Being a minority, of a minority, of a minority (former Chassid, in the Army), I think I have a special appreciation of freedom. Not that long ago, I was full-blown Chassidish without a care in the world, shtreimel-bekishe, beard-payes, and proud of it. When I finally left that world I chose to join the US Army, were I learned to appreciate freedom all over again. I was made to memorize the words “I am a guardian of freedom and the American way of life”, while having my own freedoms severely curtailed.
When I was a kid ‘freedom’ meant something else entirely, I was ‘free’ to listen to Moderchai Ben David, I was ‘free’ to go to day camp instead of staying in school through the summer, I was ‘free’ to spend Shabbos with my (slightly-less-than-Chassidish) cousins… But no matter the decision I made, my parents would be there to steer me in the right direction. “You’ll grow out of the whole music-listening thing, studying Gemarah all day is far more important”, “day camp is for little kids, once you start Yeshivah - you won’t even want to go to camp…”, “the Mechitzah isn’t as tall as ours’ at our cousins’ because we’re better Jews”.
For years I felt I’d been given extraordinary amounts of lee-way, relatively speaking I was hardly micro-managed, I went off to Israel to Yeshivah and was pretty-much on my own, I was consulted whether I wanted to learn full or part time after marriage, I was my own man. But as soon as I dared to flex my freedom to ask questions, I was told to “shut-up, and sit down”, “have some more faith”, “just study some more”…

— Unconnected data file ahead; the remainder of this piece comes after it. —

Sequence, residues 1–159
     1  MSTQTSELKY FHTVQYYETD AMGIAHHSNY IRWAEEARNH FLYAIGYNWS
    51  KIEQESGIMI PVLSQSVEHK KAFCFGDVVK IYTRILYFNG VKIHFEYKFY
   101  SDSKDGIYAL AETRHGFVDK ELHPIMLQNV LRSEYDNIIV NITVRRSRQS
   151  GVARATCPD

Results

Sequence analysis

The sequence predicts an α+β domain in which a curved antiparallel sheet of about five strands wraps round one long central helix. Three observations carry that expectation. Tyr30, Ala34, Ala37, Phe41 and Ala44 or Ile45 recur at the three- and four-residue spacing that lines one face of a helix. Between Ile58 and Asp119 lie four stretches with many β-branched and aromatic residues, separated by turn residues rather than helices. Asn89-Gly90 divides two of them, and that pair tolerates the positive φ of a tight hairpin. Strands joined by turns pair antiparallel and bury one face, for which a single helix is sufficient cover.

Fast forward to today, and my idea of freedom is very different. Being free to screw up, and actually learn from my mistakes is a good thing, not having an entire community tell me exactly who, what, where, when, I was going to do everything in life involves some decision-making on my part, but it’s freeing!
When I lost faith in all things supernatural, it was at once quite liberating - no more worrying about Gehenom - but at the same time it signaled the beginning of personal responsibility. No more “Im yirtzeh Hashem, I’ll be fine”, now it’s up to me to make it happen… As one of my (false) idols Penn Jillette says: “freedom means the right to be stupid”. When I mess up now, instead of blaming it on divine will, I’m forced to re-examine what I did, and determine what went wrong. God is a crutch used by many people as a cover for laziness, “it’s not my fault that I can’t pay my bills, it’s bashert”.
Americans love to fetishize freedom, not to mention the military. I’ve become sensitive to the ‘F’ word as much as to religious terminology, coming from the world that I do, I feel uncomfortable with any sort of ritualistic worship. Whether it’s blind patriotism, or unconditional love for the military, we should always be skeptical, it’s our God given freedom!
I’ll be out of the Army in a few months, and for that, and so much more I celebrate freedom.